The battle cry that awoke my inner-warrior was sounded by abolitionist Frederick Douglass who said it is easier to build strong children, than to repair broken men.

If we don’t initiate the young, they will burn down the village to feel the heat. — African Proverb

Many villages are burning now.

I imagined myself an elder of a primal tribe tasked with initiating young boys into true, nurturing, and fruitful men. Pictured myself at a campfire huddled with a group of these future men — eyes hopeful, ears eager —  listening attentively as I spoke.

The world needs you,” I’d first tell them.

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Art by Johnathan Reiner

As the rising sun warmed the dew-clad vines and stirred Hank, Norman, Benji, and Clover awake, I began to write The Hero in You, thrilled with the idea that my message, directly addressed to our disoriented boys, might just be enough to prevent one mass shooting, one great calamity, or begin to heal our planet.

As a writer, I cannot think of a better use for my time and talent.

To my surprise, just two days after launching the book’s Facebook page, more than a hundred people rallied in support.

I’m done shuddering. It’s time for action!


Follow The Hero in You

 

Answering the Call

This is the post excerpt.

empty road

In most lives, there is a path that runs parallel to the one on which we span the time between our entry and our exit from life’s stage.

We usually sense its presence late at night, when alone, and everyone else sleeps. Or returning from work, nerve-ends frayed, and vitality sapped. We often see it through the kitchen window as we stand at the sink, dealing with another pile of soiled dishes and glasses, and wonder:

“Is this it? What am I doing with my life? How much time do I have left?

There is a Russian word that best describes this sentiment:

Toska: At its deepest and most painful, it is a sensation of great spiritual anguish. At less morbid levels it is a dull ache of the soul, a sick pining, a vague restlessness, a yearning.

Such simmering unease usually signals a call from the path of true purpose, demanding to feel the decisive steps of our most authentic and creative selves.

Most ignore the call. The signals are often fuzzy, the path looks treacherous, steep, and shrouded in uncertainty. So we choose to remain in place, wrapped inside our familiar, predictable, and safe cocoons, and thus never become butterflies. We remain, like Rilke said, “inside the dishes and in the glasses“.

Over time, like a failed telemarketer working the night shift, the Universe gives up, and stops calling.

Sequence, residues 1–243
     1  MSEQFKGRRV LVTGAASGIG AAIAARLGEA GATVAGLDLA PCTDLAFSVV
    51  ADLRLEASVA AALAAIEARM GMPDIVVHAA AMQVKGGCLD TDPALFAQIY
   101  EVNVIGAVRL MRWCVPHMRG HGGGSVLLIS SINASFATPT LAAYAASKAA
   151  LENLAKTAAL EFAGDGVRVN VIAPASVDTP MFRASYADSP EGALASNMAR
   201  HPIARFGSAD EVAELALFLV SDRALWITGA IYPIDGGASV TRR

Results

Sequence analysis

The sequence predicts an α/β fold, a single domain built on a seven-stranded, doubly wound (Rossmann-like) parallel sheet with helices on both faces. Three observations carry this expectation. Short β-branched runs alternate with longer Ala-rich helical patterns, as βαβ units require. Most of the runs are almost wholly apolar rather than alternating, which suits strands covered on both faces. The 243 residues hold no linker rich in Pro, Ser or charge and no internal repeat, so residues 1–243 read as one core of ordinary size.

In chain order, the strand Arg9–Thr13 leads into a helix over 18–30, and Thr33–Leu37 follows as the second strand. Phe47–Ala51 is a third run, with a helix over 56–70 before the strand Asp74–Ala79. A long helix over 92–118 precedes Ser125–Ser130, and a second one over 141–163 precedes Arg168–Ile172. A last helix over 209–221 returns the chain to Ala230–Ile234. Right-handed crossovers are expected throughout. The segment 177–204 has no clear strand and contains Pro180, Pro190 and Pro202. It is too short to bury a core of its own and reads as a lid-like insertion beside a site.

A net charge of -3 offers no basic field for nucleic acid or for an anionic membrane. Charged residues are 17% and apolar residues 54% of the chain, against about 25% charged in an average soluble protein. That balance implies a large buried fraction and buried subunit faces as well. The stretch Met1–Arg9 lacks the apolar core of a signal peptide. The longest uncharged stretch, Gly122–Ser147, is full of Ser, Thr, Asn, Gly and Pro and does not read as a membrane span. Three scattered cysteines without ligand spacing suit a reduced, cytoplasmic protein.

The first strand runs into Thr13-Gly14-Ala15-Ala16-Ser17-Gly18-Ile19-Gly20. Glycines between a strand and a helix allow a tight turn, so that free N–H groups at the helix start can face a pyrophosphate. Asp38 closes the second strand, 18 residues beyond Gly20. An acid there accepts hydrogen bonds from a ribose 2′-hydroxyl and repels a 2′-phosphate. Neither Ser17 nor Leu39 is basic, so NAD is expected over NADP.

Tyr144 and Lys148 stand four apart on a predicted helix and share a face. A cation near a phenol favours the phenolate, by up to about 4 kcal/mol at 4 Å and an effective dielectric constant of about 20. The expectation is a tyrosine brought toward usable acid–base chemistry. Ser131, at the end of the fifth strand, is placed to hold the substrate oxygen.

Not in my case.

I seem to have been assigned the most indefatigable, willful, and creatively-destructive operator on staff – the new hire, the one with the quirky accent, always fresh and stoked, working the longest hours, the most grueling shifts.

When he first dialed my number, I was eighteen, sitting next to my father inside the stately, oak-paneled opulence of the Edwardian Room at New York’s Plaza Hotel having eggs Benedict for breakfast, mesmerized by the glitter of diamonds and gold, kindled by the overhead chandeliers. Too young anyway to understand his language, and no wise mentor to turn to; no Yoda, Obi-Wan, Professor Dumbledore, or Mr. Miyagi to translate the – often – ambiguous message. Preening, cock-sure, and materialistic too, so I ignored his call.

For years he persisted, progressively growing more impatient, but I kept hanging up. At thirty I began to sense what he was selling, and wanted it.

He had watched me as a young boy, reading and writing stories atop an old avocado tree, feeling my delight as the hours passed unnoticed, and wanted to return to me the gift of wonder, curiosity, and imagination I then had.

He wanted me to return to the tree.

But my hands were busy building a business empire. No time for climbing trees, reading books, gawking at sunsets, whiling away astonished by beauty, or for writing stories.

Eventually he got pissed, and six years later, kicked my sandcastle really hard. Left the empire and my identity in ruins, the feisty bugger.

With four mouths to feed, I thought I had no choice but to forever remain a grub. But I always hoped for one last chance; that he’d call again.

The final call came when I was about to turn fifty-five.

I’m going back to the tree.

sleep no more